The Chicago City Council has approved an initiative by Mayor Rahm Emanuel that would see increased height and density allowances for new developments in the city’s prospering downtown while also generating new money to be reinvested in some of Chicago's most underserved communities. The ordinance will expand the downtown zoning designation to 800 new acres of land — an increase of roughly 20 percent — and will allow real estate developers to simply pay into the mayor’s new Neighborhood Opportunity Fund for the right to construct taller, denser projects.
Under Chicago’s previous Zoning Bonus Ordinance, developers typically achieved density increases by building features like underground parking, winter gardens, and green roofs. Because these types of upgrades only improved the immediate vicinity of development sites, many areas on Chicago’s south and west sides have reaped little direct benefit from downtown’s sustained building boom. While replacing the bonus system with payment into the Mayor’s discretionary fund aims to address this imbalance, there is also a concern regarding how these type of building improvements will be incentivized moving forward.
The new ordinance has also drawn comparisons to Chicago’s controversial Tax Increment Financing (TIF) program, which critics have often equated to a mayoral "slush fund." Though all Neighborhood Opportunity Fund grants of over $250,000 will require city council approval, the ordinance does give the Emanuel administration and appointed Planning and Development Commissioner David Reifman a great deal of control over how and where the money is spent.
The Chicago Sun-Times reported that downtown Alderman Brendan Reilly (42nd) warned of a lack of transparency and third-party oversight in the grant vetting process. Reilly and south side Alderman Leslie Hairston (5th) were the two dissenting 'no' votes cast at yesterday’s city council session, where the measure passed by an overwhelming margin.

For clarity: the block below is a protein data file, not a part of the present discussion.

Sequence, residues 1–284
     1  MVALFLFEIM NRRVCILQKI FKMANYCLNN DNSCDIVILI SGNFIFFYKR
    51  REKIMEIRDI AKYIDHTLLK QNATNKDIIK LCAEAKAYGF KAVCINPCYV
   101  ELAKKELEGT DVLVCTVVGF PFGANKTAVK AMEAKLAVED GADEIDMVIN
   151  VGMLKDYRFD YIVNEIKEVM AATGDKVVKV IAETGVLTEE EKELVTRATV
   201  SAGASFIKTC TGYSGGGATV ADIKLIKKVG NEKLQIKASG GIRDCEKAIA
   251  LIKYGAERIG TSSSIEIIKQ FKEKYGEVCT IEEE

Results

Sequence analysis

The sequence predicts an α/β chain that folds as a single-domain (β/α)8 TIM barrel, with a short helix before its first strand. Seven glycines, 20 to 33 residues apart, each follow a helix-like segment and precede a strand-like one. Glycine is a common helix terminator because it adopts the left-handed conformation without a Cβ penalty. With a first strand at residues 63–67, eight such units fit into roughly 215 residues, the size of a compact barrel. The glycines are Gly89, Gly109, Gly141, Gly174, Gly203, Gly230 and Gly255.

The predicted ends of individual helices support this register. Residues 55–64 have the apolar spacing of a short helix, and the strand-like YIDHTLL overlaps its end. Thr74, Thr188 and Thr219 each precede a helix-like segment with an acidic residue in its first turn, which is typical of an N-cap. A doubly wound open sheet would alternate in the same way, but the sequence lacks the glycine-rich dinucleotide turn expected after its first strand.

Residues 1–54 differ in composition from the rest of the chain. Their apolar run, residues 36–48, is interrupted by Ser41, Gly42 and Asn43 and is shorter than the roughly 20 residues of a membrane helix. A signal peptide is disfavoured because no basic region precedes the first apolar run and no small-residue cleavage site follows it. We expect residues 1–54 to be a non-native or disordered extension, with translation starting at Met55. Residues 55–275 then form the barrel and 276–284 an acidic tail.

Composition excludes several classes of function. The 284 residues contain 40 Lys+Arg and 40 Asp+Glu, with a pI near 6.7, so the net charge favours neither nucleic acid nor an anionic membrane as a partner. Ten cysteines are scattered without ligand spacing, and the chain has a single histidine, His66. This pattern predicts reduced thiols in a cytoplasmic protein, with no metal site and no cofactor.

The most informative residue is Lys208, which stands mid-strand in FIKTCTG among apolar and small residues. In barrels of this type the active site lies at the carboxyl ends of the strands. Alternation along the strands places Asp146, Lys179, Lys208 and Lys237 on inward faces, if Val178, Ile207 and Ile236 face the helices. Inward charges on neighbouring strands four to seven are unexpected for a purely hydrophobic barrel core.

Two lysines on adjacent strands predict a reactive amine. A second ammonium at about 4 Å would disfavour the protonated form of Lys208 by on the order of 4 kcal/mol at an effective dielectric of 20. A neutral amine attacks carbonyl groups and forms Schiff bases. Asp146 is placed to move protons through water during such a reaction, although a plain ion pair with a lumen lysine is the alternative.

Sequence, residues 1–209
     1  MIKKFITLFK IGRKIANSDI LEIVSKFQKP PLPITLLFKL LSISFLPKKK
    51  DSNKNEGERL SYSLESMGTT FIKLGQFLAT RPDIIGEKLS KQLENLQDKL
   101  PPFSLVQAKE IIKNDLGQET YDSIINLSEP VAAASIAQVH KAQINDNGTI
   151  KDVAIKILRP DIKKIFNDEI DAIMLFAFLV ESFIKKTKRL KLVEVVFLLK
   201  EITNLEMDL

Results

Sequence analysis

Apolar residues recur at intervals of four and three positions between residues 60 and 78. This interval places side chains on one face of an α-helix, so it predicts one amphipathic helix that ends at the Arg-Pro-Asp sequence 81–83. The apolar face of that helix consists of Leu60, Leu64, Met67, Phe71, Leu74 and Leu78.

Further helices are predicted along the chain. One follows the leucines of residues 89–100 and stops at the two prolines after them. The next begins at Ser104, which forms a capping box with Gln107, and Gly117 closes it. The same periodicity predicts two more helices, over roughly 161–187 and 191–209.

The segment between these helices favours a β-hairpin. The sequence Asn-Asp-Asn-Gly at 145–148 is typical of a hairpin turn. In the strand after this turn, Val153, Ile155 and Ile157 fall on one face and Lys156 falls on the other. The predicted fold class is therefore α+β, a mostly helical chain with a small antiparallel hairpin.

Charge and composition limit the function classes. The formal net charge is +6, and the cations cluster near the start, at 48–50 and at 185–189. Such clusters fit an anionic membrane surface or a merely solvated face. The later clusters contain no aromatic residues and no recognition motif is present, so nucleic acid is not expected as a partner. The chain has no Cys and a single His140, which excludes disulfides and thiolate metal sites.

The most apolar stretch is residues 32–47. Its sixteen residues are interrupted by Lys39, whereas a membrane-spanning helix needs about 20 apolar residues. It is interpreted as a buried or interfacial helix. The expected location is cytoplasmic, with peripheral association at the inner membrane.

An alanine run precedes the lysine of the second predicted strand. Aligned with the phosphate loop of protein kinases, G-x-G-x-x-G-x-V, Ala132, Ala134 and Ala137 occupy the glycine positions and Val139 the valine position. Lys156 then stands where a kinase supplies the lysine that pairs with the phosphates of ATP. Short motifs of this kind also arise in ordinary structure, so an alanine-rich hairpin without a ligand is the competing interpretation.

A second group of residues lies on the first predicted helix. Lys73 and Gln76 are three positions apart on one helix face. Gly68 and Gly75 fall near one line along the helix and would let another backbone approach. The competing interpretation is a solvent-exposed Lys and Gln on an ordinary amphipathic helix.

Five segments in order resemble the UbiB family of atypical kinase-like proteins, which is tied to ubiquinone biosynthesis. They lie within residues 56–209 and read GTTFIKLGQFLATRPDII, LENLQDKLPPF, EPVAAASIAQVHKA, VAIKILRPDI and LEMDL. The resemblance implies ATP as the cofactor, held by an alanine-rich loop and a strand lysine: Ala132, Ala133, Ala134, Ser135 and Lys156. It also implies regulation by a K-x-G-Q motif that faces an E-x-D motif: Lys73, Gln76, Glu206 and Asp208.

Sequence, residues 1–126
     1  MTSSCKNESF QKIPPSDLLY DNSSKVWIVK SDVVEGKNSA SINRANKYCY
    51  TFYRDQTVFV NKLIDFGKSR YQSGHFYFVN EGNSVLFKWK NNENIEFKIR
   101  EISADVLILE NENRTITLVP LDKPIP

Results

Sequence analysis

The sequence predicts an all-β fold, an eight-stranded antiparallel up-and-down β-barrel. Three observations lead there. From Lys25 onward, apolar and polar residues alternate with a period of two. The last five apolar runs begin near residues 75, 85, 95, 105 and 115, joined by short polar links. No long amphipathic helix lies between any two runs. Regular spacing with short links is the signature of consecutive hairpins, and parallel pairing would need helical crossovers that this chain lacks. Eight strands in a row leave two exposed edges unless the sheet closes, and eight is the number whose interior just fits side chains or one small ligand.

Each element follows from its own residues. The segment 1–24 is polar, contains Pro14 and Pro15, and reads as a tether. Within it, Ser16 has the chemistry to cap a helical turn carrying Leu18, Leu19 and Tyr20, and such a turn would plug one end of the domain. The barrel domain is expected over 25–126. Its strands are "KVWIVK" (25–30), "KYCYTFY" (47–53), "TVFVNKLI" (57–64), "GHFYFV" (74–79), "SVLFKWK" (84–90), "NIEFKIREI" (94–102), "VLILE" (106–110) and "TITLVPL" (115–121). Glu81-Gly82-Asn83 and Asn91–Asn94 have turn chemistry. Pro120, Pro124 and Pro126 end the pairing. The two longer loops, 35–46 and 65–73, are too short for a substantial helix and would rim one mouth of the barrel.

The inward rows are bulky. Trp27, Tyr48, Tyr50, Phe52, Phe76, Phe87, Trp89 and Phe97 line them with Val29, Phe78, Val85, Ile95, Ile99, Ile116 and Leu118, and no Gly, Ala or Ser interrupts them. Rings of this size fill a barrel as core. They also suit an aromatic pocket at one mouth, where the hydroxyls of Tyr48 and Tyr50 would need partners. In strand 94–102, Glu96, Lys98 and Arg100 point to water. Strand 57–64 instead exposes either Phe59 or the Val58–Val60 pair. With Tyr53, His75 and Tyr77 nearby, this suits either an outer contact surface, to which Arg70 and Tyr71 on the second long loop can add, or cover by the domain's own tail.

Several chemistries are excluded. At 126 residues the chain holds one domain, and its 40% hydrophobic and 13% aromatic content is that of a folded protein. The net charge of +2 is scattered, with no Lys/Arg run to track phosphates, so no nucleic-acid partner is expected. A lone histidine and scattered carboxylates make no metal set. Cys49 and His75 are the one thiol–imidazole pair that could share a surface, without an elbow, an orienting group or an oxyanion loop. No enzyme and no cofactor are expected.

The new density bonus tax on developers in the expanded downtown area is expected to generate an additional $10 million for the city each year. The ordinance stipulates that 80 percent of the fund goes towards the construction of new grocery stores and cultural facilities in neighborhoods lacking new investment, while the remainder would be split between the city’s "adopt-a-landmark" program and improvements to Chicago’s transit system and streetscape. The newly passed neighborhood opportunity fund ordinance goes into effect for projects after June 1st.
- City Council approves Emanuel’s share-the-wealth plan [Chicago Sun Times]
- Developers to 'Purchase' Higher Density Under Proposed Zoning Plan [Curbed Chicago]
- Mayor Plans to Fund Investment in City Neighborhoods by Expanding Downtown Development [Curbed Chicago]